by:highvoltagerd
ID: 1183181
I mena Which help file, Builder C++ comes with over 40 help files!
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Author Comment

by:highvoltagerd
ID: 1183182
Well I am a beginner in C++ and an experience programmer In Perl and QBasic
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Expert Comment

by:nietod
ID: 1183183
I can't help you with which help file.  I forgot that Borland's help is less than useless.  (Which is the chief reason I use microsoft's VC++).

If you are an experienced program you should be familiar with file I/O.  The concept is the same in every language/every operating system I ever worked in.  Open the file, seek somewhere, write something and close when you are done.  I'll paste in the docs from VC.  Probably a copyright violation.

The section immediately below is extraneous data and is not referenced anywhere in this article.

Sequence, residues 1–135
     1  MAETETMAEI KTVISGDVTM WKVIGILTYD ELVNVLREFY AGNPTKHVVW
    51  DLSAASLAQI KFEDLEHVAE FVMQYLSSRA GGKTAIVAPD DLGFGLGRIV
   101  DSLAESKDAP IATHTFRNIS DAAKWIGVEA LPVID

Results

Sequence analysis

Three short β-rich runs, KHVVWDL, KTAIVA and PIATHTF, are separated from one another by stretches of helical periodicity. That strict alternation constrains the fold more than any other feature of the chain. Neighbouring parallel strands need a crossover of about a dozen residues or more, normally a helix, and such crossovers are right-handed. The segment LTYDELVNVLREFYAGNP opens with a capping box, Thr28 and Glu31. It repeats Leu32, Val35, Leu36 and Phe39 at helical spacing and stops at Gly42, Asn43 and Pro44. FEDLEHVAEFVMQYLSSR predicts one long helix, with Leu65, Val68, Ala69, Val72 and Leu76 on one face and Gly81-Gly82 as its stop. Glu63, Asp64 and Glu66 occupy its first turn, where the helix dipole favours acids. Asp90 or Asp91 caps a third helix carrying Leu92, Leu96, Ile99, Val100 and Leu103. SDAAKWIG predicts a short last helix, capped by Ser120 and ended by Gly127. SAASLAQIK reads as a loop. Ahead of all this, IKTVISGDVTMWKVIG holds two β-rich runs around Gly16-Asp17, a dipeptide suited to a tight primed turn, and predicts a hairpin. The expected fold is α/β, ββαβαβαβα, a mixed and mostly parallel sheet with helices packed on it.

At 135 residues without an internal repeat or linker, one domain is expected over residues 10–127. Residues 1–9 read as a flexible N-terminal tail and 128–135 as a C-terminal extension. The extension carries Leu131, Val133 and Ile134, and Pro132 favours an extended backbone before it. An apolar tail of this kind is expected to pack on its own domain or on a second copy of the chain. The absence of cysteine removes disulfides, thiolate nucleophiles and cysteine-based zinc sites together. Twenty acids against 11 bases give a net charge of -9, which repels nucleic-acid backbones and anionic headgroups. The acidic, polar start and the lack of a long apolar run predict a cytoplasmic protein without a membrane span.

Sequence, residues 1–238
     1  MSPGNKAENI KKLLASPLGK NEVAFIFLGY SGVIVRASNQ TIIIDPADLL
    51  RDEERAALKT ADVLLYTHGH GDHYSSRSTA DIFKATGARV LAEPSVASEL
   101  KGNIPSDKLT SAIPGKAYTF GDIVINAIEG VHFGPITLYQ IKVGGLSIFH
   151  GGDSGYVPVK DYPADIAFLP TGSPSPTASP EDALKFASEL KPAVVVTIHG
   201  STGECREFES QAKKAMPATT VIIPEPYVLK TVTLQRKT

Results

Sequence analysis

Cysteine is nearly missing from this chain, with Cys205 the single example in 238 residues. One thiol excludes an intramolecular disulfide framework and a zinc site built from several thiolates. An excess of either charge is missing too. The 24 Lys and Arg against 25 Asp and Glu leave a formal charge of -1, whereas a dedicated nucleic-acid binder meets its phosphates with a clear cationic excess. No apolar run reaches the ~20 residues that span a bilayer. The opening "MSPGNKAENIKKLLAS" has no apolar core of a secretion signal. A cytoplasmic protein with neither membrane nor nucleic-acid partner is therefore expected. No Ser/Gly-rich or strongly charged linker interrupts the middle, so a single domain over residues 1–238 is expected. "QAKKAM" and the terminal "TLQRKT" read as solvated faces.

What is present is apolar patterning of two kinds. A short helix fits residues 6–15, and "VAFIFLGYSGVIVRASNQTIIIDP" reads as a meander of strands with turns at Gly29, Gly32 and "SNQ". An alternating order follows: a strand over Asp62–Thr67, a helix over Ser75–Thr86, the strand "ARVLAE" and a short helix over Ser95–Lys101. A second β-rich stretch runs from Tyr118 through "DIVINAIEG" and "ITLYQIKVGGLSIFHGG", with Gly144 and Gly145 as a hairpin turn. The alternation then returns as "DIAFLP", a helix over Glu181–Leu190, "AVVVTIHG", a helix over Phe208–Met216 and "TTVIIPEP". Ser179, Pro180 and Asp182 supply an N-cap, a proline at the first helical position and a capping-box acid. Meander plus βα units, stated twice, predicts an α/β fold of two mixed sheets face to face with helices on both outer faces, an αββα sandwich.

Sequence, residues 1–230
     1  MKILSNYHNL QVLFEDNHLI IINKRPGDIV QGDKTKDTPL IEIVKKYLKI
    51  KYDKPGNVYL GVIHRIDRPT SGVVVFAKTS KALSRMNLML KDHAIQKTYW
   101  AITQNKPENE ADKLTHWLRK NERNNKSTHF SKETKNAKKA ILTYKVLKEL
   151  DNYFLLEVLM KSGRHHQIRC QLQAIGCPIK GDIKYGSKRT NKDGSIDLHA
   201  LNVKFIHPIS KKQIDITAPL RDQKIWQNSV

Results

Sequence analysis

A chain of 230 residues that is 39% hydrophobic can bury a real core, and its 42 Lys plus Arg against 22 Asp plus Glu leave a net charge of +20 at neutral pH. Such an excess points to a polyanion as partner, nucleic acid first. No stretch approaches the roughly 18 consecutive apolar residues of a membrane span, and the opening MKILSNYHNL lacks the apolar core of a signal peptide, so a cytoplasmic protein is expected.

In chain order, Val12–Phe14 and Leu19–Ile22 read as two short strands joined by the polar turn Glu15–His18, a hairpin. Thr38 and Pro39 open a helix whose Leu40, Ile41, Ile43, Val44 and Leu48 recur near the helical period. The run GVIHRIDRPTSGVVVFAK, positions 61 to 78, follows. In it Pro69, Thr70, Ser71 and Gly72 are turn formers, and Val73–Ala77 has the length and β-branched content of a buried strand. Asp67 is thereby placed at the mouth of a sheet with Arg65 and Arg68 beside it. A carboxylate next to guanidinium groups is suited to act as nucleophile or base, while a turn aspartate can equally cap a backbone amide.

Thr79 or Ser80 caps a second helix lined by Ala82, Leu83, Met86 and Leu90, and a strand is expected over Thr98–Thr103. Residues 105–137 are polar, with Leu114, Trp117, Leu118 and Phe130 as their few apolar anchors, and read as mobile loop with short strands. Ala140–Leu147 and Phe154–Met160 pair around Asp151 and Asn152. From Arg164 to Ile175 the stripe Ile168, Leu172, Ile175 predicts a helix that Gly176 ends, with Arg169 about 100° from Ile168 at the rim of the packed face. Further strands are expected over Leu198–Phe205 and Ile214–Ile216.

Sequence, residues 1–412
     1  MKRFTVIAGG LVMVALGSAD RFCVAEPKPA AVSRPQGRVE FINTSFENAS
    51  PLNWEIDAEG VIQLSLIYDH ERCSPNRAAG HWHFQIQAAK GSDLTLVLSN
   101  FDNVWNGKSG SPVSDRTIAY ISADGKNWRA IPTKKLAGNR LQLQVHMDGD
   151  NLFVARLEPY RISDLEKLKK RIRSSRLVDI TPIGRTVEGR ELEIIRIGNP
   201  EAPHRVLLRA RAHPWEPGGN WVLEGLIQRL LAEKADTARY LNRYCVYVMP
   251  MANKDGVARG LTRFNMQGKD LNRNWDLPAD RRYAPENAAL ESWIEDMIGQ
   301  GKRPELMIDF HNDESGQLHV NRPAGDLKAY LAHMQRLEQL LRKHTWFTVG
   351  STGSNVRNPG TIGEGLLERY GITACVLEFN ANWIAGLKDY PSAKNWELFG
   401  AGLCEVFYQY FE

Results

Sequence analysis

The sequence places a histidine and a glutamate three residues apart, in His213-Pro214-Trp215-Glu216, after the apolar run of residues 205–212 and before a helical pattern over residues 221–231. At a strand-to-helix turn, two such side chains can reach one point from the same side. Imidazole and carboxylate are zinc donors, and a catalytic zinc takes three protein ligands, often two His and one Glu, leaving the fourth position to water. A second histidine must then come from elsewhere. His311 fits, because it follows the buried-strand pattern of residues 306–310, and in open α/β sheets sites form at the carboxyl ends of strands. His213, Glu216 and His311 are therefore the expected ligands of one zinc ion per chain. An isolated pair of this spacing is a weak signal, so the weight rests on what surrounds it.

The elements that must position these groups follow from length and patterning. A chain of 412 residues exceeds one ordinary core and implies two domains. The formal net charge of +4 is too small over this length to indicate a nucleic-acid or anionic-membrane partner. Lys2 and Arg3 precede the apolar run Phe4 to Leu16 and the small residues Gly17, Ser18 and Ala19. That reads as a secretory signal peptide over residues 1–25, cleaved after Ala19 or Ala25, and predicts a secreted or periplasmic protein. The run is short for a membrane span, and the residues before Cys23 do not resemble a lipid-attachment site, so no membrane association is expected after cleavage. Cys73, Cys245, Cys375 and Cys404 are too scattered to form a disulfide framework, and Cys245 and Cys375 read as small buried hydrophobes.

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Expert Comment

by:nietod
ID: 1183184
fopen, _wfopen

Open a file.

FILE *fopen( const char *filename, const char *mode );

FILE *_wfopen( const wchar_t *filename, const wchar_t *mode );



Function



Required Header



Compatibility





fopen



<stdio.h>



ANSI, Win 95, Win NT



_wfopen



<stdio.h> or <wchar.h>



Win NT




For additional compatibility information, see Compatibility in the Introduction.



Libraries





LIBC.LIB



Single thread static library, retail version



LIBCMT.LIB



Multithread static library, retail version



MSVCRT.LIB



Import library for MSVCRT.DLL, retail version




The c, n, and t mode options are Microsoft extensions for fopen and _fdopen and should not be used where ANSI portability is desired.

Return Value

Each of these functions returns a pointer to the open file. A null pointer value indicates an error.

Parameters

filename Filename

mode Type of access permitted

Remarks

The fopen function opens the file specified by filename. _wfopen is a wide-character version of fopen; the arguments to _wfopen are wide-character strings. _wfopen and fopen behave identically otherwise.



Generic-Text Routine Mappings